The EDGE launch marks completion of phase two of AT&T Wireless' 3G network architecture strategy, Zeglis told his audience, and there are plans in the works to launch a higher-speed WCDMA (Wideband Code Division Multiple Access) UMTS (Universal Mobile Telecommunications System) network in a few cities next year. But Zeglis emphasized that AT&T Wireless won't be rushing into nationwide UMTS. His company is 'firmly committed to the full UMTS path,' which is its 'ultimate 3G plan and 3G goal.' If the wireless industry is going to conquer the 'cynicism' it created by over-promising, he said, it is going to have to deliver on its promises, and AT&T wants to make sure that the EDGE network delivers.

'The truth is, the hype of 2000 caused all of us to speak in terms of technology evolution that had unrealistically short intervals,' he said. 'If we just back off a few steps, we might all have remembered that you have to give new technologies time to breathe ... and to do that very important job of teaching the customers how to use all that we have made available.'

The challenge for the wireless industry going forward, Zeglis said, is to make a complex set of products and service offerings that are 'wrapped up in a multi-part system of customers, devices, bandwidth and applications' simple and interoperable. The industry's less-than-stellar record of providing easy-to-use and interoperable technologies is one of the reasons North America has lagged behind the rest of the world in wireless data adoption, he said.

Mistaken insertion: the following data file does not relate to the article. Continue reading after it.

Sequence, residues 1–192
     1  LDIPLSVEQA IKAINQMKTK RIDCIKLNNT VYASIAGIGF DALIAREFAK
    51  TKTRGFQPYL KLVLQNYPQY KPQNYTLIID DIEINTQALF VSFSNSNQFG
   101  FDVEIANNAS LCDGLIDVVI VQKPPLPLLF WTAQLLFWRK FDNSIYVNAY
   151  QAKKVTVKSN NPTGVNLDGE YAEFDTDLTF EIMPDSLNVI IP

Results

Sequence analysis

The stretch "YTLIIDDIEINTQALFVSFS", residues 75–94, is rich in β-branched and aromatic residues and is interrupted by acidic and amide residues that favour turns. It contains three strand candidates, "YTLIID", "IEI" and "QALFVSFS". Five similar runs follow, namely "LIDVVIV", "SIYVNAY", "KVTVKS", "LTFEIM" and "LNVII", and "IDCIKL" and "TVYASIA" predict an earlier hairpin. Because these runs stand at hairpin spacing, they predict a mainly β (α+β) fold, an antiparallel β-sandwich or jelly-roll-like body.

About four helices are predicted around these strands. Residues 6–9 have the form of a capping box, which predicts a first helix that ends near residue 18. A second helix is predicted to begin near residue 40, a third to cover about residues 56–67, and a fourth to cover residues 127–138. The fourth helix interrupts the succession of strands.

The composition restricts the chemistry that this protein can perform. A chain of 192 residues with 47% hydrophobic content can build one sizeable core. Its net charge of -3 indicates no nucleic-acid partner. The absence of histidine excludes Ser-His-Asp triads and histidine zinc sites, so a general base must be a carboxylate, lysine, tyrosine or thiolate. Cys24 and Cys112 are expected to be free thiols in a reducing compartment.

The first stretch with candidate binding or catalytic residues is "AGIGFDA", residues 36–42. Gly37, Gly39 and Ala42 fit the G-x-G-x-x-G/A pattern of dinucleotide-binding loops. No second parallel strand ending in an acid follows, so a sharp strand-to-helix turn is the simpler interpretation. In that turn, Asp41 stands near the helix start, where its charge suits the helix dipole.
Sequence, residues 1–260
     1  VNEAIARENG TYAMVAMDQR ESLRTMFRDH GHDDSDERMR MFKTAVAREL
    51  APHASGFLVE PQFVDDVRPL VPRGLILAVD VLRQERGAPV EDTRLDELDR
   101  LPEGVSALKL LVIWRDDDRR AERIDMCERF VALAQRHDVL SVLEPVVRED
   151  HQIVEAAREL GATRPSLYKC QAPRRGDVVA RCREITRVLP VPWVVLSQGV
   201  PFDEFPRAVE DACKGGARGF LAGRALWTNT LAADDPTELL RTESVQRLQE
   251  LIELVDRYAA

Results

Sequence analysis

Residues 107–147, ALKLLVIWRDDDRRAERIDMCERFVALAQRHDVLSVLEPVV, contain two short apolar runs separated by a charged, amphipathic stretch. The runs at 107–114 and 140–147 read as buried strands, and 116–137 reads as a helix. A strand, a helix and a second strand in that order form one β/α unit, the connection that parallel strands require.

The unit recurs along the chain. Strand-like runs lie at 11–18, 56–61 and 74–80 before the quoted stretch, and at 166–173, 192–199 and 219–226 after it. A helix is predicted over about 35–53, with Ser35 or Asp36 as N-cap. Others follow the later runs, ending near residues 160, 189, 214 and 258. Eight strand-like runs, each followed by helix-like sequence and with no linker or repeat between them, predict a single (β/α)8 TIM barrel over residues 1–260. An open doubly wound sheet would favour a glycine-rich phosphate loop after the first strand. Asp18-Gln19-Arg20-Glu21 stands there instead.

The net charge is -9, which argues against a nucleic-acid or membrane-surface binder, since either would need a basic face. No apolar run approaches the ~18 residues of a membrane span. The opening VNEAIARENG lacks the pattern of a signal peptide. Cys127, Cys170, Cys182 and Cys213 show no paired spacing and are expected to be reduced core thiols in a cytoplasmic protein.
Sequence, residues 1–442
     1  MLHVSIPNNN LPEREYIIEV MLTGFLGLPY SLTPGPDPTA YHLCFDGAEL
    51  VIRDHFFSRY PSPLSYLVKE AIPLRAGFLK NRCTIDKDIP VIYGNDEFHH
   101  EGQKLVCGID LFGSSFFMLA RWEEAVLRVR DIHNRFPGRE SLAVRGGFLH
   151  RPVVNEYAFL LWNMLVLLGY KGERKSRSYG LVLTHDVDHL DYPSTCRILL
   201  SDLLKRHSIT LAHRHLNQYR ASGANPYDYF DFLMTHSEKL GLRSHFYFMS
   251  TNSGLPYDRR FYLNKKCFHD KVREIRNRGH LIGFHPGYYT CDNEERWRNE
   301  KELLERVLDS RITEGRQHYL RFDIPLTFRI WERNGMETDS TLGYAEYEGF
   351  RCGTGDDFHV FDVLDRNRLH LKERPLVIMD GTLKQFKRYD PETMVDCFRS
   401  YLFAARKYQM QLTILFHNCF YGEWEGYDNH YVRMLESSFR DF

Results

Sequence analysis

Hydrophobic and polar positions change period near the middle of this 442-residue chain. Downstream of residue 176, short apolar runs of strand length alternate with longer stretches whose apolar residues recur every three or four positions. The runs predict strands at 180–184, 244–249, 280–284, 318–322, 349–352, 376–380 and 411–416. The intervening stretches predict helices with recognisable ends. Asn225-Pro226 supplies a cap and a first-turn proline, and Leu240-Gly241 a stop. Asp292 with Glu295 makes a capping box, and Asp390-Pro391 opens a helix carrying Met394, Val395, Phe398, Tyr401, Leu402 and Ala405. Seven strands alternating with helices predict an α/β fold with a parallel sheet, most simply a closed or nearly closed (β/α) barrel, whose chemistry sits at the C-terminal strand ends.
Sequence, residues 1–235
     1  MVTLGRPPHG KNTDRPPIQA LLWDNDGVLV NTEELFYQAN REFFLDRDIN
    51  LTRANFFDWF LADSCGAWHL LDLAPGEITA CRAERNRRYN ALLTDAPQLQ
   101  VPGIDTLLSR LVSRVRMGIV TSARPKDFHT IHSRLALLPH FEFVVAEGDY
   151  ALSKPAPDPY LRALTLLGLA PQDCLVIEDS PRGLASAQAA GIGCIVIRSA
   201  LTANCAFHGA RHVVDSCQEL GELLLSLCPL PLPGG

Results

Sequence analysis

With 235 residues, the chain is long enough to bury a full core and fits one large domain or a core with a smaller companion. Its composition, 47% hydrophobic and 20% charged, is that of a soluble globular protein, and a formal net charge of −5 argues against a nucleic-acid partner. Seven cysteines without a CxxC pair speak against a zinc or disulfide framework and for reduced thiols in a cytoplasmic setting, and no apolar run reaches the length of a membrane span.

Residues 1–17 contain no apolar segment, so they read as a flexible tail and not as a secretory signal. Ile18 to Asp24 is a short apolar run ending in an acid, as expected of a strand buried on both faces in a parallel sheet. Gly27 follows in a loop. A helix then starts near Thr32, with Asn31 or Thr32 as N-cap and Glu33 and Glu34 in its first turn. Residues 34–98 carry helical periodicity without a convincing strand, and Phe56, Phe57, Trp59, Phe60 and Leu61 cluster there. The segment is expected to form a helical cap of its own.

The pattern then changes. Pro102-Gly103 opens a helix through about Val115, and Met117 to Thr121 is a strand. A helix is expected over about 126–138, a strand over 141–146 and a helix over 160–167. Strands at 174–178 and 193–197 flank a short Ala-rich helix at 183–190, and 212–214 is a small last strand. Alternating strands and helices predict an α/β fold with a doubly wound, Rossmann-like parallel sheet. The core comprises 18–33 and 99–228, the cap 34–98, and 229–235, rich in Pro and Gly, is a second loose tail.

'We need to improve our track record to agree to common standards,' he said. 'We've done this for voice and text messaging but not a whole lot else. This is the golden goose, the fishes and the loaves, the alchemist's stone.'

Zeglis cited Short Message Service (SMS) as an example. The technology spread like crabgrass in Europe, and by 2000 SMS was everywhere. But interoperability problems among wireless carriers slowed adoption in North America. In 2002, adoption rates increased dramatically, Zeglis noted, and the key driver was a television show.

'What happened in 2000?' he said. 'Clay and Reuben happened. And through short code voting for 'American Idol' contestants, people discovered that text messaging could be fun.'

Zeglis complained that FCC policies have stunted the growth of the wireless industry. New network services, such as EDGE, need more radio spectrum, he said, 'The government just hasn't made enough of the airwaves available,' he said. 'We in the industry can't make more spectrum. God only made what she made.' His invocation of the female deity drew more laughter from the crowd.

Zeglis also apologized for a system glitch that crippled his company's ability to activate new accounts earlier this month. The glitch had been fixed, he said, and 'we're back to near normal levels.'

AT&T Wireless' EDGE service is now available nationally for $79.99 a month for unlimited data. It is available to AT&T customers in areas served by the company's GSM/GPRS network, which covers approximately 6,500 cities and towns.

About the Author

John K. Waters is a freelance writer based in Silicon Valley. He can be reached at